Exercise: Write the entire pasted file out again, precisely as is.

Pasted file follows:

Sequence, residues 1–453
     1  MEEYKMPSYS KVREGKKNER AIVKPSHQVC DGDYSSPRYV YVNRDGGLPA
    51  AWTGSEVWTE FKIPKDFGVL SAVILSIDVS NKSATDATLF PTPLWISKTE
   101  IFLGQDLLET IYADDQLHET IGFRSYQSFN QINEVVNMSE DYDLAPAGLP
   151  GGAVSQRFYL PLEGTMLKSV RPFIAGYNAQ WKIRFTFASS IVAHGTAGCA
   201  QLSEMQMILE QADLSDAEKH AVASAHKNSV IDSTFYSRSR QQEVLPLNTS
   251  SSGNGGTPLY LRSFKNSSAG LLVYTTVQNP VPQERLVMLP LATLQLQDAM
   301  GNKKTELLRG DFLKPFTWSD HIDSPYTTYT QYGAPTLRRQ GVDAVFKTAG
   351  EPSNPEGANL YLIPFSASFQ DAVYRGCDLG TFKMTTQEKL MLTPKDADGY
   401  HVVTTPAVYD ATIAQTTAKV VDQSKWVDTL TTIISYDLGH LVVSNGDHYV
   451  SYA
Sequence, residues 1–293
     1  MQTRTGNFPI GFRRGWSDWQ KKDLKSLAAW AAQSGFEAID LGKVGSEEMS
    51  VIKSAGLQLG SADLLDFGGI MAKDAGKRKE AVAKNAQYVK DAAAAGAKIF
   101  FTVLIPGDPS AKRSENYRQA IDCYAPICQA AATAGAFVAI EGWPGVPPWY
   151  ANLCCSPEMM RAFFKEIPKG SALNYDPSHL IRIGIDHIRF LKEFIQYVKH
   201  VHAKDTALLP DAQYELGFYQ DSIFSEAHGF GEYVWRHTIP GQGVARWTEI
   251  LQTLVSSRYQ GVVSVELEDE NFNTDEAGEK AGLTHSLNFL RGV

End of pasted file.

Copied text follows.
Sequence, residues 1–453
     1  MEEYKMPSYS KVREGKKNER AIVKPSHQVC DGDYSSPRYV YVNRDGGLPA
    51  AWTGSEVWTE FKIPKDFGVL SAVILSIDVS NKSATDATLF PTPLWISKTE
   101  IFLGQDLLET IYADDQLHET IGFRSYQSFN QINEVVNMSE DYDLAPAGLP
   151  GGAVSQRFYL PLEGTMLKSV RPFIAGYNAQ WKIRFTFASS IVAHGTAGCA
   201  QLSEMQMILE QADLSDAEKH AVASAHKNSV IDSTFYSRSR QQEVLPLNTS
   251  SSGNGGTPLY LRSFKNSSAG LLVYTTVQNP VPQERLVMLP LATLQLQDAM
   301  GNKKTELLRG DFLKPFTWSD HIDSPYTTYT QYGAPTLRRQ GVDAVFKTAG
   351  EPSNPEGANL YLIPFSASFQ DAVYRGCDLG TFKMTTQEKL MLTPKDADGY
   401  HVVTTPAVYD ATIAQTTAKV VDQSKWVDTL TTIISYDLGH LVVSNGDHYV
   451  SYA
Sequence, residues 1–293
     1  MQTRTGNFPI GFRRGWSDWQ KKDLKSLAAW AAQSGFEAID LGKVGSEEMS
    51  VIKSAGLQLG SADLLDFGGI MAKDAGKRKE AVAKNAQYVK DAAAAGAKIF
   101  FTVLIPGDPS AKRSENYRQA IDCYAPICQA AATAGAFVAI EGWPGVPPWY
   151  ANLCCSPEMM RAFFKEIPKG SALNYDPSHL IRIGIDHIRF LKEFIQYVKH
   201  VHAKDTALLP DAQYELGFYQ DSIFSEAHGF GEYVWRHTIP GQGVARWTEI
   251  LQTLVSSRYQ GVVSVELEDE NFNTDEAGEK AGLTHSLNFL RGV